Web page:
Antarctic Margins

Margins are the start and end boundaries of a journey

.

OUTER COASTLINE MARGINS

An Antarctic Outer Coastline margin is any point fronted by sea or annual sea ice (on a nautical or seaward coastline). Journeys using an outer coastline margin must start/end as close as practically possible to sea or sea ice.

Any Antarctic journey utilising an outer coastline margin is designated a Full Expedition or Full Crossing (Full refers to full-length).

Examples:

  • Bay of Whales to South Pole
  • North Berkner Island to South Pole to Ross Island

Notes:

  • A Full Crossing of Antarctica must start and end on an outer coastline margin
  • Ice shelves are not sea ice, they are continental fresh-water ice

.

INNER COASTLINE MARGINS

An Antarctic Inner Coastline margin is typically on a grounding line or zone, the boundaries at which land ice departs the continent and becomes floating shelf ice. Journeys using inner coastline margins must start/end within a grounding zone.

Any Antarctic journey utilising an inner coastline margin is designated an Expedition or Crossing.

Any journey starting or ending mid-iceshelf is also designated as using an Inner Coastline.

Examples:

  • Hercules Inlet to South Pole
  • Bay of Whales to South Pole to Hercules Inlet

Note:

  • A Crossing of Antarctica may not start or end on an inland margin
  • Any point on an iceshelf not on an outer coastline is classified as an Inner Coastline margin eg. starting on the southern point of Berkner Island


.

INLAND MARGINS

An Inland (or interior) margin is any point on the Antarctic landmass that is not on a coastline.

Any journey utilising an interior margin is designated an Inland Expedition or Inland Crossing.

Examples:

  • Novo to South Pole
  • Hercules Inlet to South Pole to Vostok

Notes:

  • An Inland Crossing will have at least one inland margin
  • The ACSA is not classified as an inland margin if coastal margins are utilised

.

Common Start/End Points in Antarctica

The following margins represent start/end points that have been used more than once on South Pole expeditions or crossings of Antarctica, either historically or in modern times.

Hercules Inlet

Read more


























First used in 1988 by Antarctic tourism company Adventure Network International, Hercules Inlet is located in Ellsworth Land in West Antarctica and forms part of the Ronne Ice Shelf’s inner coastline.

Located approximately 65km ESE of Antarctic Logistics and Expeditions’ (ALE) Union Glacier Camp, approximately 685km from the nearest sea and approximately 1120km from the South Pole, Hercules Inlet is the most common start point for South Pole expeditions.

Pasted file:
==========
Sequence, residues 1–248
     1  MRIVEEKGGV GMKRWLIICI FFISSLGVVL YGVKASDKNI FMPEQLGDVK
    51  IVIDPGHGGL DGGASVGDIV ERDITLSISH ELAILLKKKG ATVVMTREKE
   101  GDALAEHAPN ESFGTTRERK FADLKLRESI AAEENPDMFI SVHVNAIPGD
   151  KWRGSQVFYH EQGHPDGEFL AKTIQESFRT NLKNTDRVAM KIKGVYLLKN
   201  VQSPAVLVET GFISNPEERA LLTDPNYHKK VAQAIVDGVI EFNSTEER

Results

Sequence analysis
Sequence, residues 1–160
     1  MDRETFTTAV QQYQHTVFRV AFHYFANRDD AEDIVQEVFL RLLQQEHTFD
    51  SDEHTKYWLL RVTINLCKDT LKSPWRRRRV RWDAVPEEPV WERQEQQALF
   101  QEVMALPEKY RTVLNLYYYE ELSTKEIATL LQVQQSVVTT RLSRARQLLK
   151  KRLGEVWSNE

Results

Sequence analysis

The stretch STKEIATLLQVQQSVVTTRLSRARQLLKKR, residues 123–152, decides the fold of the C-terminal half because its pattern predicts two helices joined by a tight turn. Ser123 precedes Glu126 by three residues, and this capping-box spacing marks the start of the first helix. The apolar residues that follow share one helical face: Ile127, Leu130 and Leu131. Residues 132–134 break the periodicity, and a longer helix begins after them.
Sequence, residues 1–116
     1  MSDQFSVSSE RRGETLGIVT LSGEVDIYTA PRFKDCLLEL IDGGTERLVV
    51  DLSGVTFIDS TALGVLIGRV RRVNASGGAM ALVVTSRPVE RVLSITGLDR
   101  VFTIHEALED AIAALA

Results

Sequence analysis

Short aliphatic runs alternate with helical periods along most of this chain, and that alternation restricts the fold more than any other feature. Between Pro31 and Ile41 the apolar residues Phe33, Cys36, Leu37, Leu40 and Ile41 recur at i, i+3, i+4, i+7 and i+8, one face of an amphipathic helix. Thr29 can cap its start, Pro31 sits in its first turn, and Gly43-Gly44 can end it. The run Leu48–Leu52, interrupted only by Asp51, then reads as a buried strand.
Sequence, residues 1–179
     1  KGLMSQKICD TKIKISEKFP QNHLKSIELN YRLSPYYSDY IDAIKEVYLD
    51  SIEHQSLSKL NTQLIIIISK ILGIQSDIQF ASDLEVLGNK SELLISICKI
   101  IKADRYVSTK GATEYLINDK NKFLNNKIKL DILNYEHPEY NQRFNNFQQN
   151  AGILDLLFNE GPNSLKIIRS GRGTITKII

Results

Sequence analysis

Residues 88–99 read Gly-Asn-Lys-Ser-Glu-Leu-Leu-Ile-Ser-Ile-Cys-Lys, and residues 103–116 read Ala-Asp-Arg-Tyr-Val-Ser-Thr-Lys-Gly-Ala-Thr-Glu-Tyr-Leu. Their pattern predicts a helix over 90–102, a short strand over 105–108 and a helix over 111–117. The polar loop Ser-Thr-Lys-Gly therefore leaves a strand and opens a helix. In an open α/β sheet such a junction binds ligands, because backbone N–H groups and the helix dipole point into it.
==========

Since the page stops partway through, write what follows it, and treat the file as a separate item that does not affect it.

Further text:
Journeys using Hercules Inlet, and intending to complete a South Pole expedition or crossing of Antarctica, must start/end on the inlet ice.

In good weather the inlet can be easily detected by sighting sloping hills on three sides. This should be the deciding factor when choosing your start/end point.


Ronne Ice Shelf (Messner Start)

Read more


‘Messner Start’ was first used in 2005 by a Norwegian guiding company as an alternative to Reinhold Messner and Arved Fuchs’ start point on their 1988-99 crossing of Antarctica. Successive expeditions have refined this point to its current location.

Located in West Antarctica on the inner coastline of the Ronne Ice Shelf approximately 425km SE of Union Glacier Camp, more than 600km from the nearest sea and 856km from the South Pole, Messner Start is the second most common start point for South Pole expeditions.

Journeys using Messner Start, and intending to complete a South Pole expedition or crossing of Antarctica, must start or end on the Ronne Ice Shelf, typically north of 82º 20’.


Berkner Island

Read more






























First used in 1990 by a Norwegian dogsled expedition, Berkner Island separates the Ronne and Filchner Ice Shelves in West Antarctica.

Located approximately 815km ENE of Union Glacier Camp and approximately 1380km from the South Pole, Berkner Island is one of the most common start points for full-length South Pole expeditions.

Journeys using north Berkner Island, and intending to complete a full South Pole expedition or full crossing of Antarctica, must start/end within the Berkner Island Outer Coastal Zone, an area of approximately 700km2 bound by the island’s seaward coastline and a straight line extending between the junctions of the Ronne and Filchner Ice Shelves.

Amundsen Coast

Read more


First traversed in 1911 by Norwegian Roald Amundsen’s South Pole expedition, the Amundsen Coast is located on the southeast perimeter of the Ross Ice Shelf in West Antarctica.

Located approximately 1000km SW of Union Glacier Camp, approximately 730km from the nearest sea and approximately 600km from the South Pole, the Amundsen Coast is the most common start/end area on the Ross Ice Shelf for South Pole expeditions and Antarctic crossings.